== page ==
But now, in the Room of this Artificial Book in Volumes, let us Substitute the Book of Nature, the whole Visible and Material Universe, printed all over with the Passive Characters and Impressions of Divine Wisdom and Goodness, but legible only to an Intellectual Eye; for to the Sense both of Man and Brute, there appears nothing else in it but as in the other, so many Inky Scrawls, i. e. nothing but Figures and Colours; but the Mind or Intellect, which hath an Inward and Active participation of the same Divine Wisdom that made it; and being printed all over with the same Archety <187> pal Seal, upon occasion of those sensible Delineations represented to it, and taking notice of whatsoever is cognate to it, Exerting its own Inward Activity from thence, will not have only a Wonderful Scene and large Prospect of other Thoughts laid open before it, and Variety of Knowledge, Logical, Mathematical, Metaphysical, Moral displayed; but also clearly Read the Divine Wisdom and Goodness, in every Page of this great Volume, as it were written in large and legible Characters.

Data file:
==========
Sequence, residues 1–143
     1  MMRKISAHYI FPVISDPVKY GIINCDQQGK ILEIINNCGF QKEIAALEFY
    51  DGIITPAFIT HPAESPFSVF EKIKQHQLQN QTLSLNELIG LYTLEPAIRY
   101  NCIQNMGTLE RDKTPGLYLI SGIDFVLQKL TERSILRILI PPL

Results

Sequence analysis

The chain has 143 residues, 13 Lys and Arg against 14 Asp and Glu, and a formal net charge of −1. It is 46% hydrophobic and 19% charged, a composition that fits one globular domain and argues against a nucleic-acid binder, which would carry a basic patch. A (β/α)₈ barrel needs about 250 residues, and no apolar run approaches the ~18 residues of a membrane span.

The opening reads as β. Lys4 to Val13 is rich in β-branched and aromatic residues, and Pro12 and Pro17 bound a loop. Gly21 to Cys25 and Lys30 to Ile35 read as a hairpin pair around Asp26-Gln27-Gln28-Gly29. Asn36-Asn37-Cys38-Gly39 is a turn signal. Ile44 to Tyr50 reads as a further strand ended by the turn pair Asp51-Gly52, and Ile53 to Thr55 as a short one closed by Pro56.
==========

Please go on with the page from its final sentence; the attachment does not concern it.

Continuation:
[1] Globuli.

[2] Globuli.

[3] Scheses.

[4] Automaton.

[5] Scheses.

[6] Scheses.

[7] Entia Rationis.

[8] In Cognoscendo cuncta, suâ potiùs facultate quàm rerum quæ cognoscuntur uti. Cum enim omne Judicium Judicantis actus existat, necesse est ut suam quisque operam non ex alienâ, sed ex propriâ facultate perficiat.

[9] Scheses.

[10] Crasis.

[11] Languor.

[12] Junctis Viribus.

[13] Νοήματα.

[14] Automaton.

[15] Scheses.

[16] Ratio.

[17] Automaton.

[18] Scheses.

[19] Compages.

[20] Automaton.

[21] Automaton.

[22] Totum.

[23] Machina.

[24] Automaton.

[25] Ratio.

[26] Totum.

[27] Scheses.

[28] Totum.

[29] Ratio.

[30] Automaton.

[31] Totum.

[32] Scheses.

[33] Entia Rationis.

[34] Totum.

[35] Ratio.

[36] Totum.

[37] Compages.

[38] Totum.

[39] Automatons.

[40] Totum.

[41] Automaton.

[42] Κόσμος or Mundus.

[43] Automatons.

[44] Scheses.

[45] Scheses.

[46] Automaton.

[47] Automaton.

[48] Automaton.

[49] Scheses.

[50] Automaton.

[51] Automaton.

[52] Θεοῦ τεχνασμα.

[53] Scheses.

[54] Totum.

[55] Ἠθικαὶ

[56] ἐνθουσιαστικαὶ ἀρμονίαι.

[57] Συγγενές τι.

Cite as: Ralph Cudworth, A Treatise concerning Eternal and Immutable Morality (1731), pp. 148-187, http://www.cambridge-platonism.divinity.cam.ac.uk/view/texts/diplomatic/Cudworth1731-excerpt002, accessed 2020-10-21.